Whirly tube

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A yellow whirly tube
Three notes played on a whirly tube

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The whirly tube, corrugaphone, or bloogle resonator, is a musical instrument which consist of a corrugated (ribbed) plastic tube (hollow flexible cylinder), open at both ends, which is swung in a circle to play. The faster the toy is swung the higher the pitch of the note it produces. It produces discrete notes in the harmonic series like a valveless brass instrument.

The fundamental and second harmonic are difficult to excite.[1]

The instrument is often used as a toy but it has also been used as by a number of artists including Peter Schickele (see below), Loch Lomond,[citation needed] and Yearbook Committee.[citation needed] Also Brett Dean's Moments of Bliss.[2]

Lasso d'amore[edit]

The lasso d'amore is an experimental musical instrument made of corrugated plastic tubing, employed in some of Peter Schickele's comic P. D. Q. Bach compositions such as the Erotica Variations and Shepherd on the Rocks with a Twist.[3] Schickele gives a tongue-in-cheek explanation of the instrument's evolution: Viennese cowboys twirled "their lariats over their heads with such great speed that a musical pitch was produced. ... The modifications that had made this development possible rendered [the lasso] useless for roping cattle."[4]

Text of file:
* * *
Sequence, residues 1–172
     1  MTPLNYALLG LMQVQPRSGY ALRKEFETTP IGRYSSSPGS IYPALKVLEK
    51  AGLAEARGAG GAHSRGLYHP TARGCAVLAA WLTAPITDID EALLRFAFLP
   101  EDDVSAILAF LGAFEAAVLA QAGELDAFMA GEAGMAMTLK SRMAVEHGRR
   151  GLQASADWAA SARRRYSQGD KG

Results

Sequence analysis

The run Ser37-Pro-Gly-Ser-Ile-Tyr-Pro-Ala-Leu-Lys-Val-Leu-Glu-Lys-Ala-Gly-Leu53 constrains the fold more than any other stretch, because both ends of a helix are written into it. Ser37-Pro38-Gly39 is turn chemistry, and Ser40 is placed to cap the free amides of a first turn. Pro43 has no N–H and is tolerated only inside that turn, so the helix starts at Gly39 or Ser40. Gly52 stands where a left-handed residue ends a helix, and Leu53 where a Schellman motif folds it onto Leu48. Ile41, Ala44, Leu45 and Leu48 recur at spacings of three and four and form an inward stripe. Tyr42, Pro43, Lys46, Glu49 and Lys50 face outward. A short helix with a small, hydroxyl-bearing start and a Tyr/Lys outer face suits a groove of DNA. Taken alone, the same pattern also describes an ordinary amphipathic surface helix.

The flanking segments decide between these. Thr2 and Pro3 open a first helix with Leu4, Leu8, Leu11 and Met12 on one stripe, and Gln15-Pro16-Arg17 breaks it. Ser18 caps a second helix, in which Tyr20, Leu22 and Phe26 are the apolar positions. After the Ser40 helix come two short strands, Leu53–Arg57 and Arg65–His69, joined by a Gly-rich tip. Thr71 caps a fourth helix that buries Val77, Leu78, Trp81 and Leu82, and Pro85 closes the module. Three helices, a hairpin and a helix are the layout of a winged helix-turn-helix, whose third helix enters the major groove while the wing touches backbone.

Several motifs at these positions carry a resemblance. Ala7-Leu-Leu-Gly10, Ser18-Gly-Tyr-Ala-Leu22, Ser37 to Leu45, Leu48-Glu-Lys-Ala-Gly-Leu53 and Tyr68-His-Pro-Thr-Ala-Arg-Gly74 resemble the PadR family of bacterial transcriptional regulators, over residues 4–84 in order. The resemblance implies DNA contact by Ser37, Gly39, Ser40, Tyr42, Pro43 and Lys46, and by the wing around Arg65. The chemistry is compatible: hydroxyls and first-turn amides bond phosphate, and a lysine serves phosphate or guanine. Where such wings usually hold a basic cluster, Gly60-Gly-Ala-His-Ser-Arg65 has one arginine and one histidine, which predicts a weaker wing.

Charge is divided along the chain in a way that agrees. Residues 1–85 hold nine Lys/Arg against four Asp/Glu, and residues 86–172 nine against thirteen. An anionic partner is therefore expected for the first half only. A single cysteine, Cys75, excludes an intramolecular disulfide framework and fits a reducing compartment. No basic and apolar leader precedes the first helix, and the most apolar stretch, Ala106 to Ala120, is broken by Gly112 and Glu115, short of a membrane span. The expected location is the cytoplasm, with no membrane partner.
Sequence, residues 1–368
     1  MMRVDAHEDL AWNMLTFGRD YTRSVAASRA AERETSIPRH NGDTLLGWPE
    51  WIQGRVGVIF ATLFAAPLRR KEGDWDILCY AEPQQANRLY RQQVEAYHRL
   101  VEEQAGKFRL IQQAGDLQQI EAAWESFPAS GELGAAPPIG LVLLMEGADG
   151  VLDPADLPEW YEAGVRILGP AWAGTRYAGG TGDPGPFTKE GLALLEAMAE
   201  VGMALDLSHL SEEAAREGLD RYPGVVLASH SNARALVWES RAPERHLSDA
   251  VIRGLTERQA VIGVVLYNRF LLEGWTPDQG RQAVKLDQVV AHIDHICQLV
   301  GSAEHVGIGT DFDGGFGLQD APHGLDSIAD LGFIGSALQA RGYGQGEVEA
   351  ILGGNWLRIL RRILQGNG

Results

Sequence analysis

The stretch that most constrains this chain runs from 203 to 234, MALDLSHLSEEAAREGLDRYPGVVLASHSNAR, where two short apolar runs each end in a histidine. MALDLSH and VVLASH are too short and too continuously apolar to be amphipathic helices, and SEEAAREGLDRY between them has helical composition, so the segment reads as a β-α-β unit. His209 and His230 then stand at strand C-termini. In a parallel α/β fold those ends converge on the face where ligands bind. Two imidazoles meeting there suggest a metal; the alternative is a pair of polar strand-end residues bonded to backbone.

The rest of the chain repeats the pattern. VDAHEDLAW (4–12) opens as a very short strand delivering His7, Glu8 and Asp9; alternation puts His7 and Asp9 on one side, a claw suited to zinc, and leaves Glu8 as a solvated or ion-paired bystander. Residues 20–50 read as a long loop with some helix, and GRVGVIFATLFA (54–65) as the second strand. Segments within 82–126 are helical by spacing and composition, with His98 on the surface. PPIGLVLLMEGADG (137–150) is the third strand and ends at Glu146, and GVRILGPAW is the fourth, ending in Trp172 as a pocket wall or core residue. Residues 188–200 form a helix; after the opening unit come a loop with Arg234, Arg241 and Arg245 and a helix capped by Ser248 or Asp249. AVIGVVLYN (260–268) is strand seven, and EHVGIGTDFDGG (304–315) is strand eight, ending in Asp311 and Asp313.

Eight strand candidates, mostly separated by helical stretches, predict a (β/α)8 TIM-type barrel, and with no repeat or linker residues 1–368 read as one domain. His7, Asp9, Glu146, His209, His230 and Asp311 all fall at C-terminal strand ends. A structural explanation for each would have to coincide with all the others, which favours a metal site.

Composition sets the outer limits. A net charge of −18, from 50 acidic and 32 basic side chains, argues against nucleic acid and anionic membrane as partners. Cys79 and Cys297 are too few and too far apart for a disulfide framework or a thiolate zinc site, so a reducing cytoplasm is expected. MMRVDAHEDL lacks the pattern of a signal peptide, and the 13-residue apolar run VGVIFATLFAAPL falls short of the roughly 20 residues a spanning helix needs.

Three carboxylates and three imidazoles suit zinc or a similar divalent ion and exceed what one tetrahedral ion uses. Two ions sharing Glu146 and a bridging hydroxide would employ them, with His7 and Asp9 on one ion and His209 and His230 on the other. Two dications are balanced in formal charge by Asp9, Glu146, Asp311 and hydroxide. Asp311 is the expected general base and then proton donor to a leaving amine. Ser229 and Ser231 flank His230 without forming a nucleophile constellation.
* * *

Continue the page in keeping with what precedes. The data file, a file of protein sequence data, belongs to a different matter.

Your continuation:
In reality, the lasso d'amore is a toy sold under various names including "bloogle" and "corrugaphone". It is much like a thin vacuum cleaner hose that is swung in a circle to play. The faster the toy is swung the higher the pitch of the note it produces. It produces discrete notes in the overtone series like a valveless brass instrument. To be played in concert as a lasso d'amore the length of the toy must be trimmed to tune it.

See also[edit]

References[edit]

  1. ^ Sprott, Julien Clinton (2006). Physics Demonstrations: A Sourcebook for Teachers of Physics, Volume 1, p.158. ISBN 9780299215804. "corrugaphone", "Bloogle Resonator", "Hummer".
  2. ^ Morris, Craig (August 7, 2009). "Whirly Tubes and Bloogles", LivMusic.com.
  3. ^ Rickards, Steven (2008). Twentieth-Century Countertenor Repertoire: A Guide. Lanham, Maryland: Rowman & Littlefield. pp. 273–4. ISBN 9780810861039. 
  4. ^ Schickele, Peter (1976). The Definitive Biography of P. D. Q. Bach. New York: Random House. p. 227?. ISBN 9780394465364. 

Further reading[edit]

External links[edit]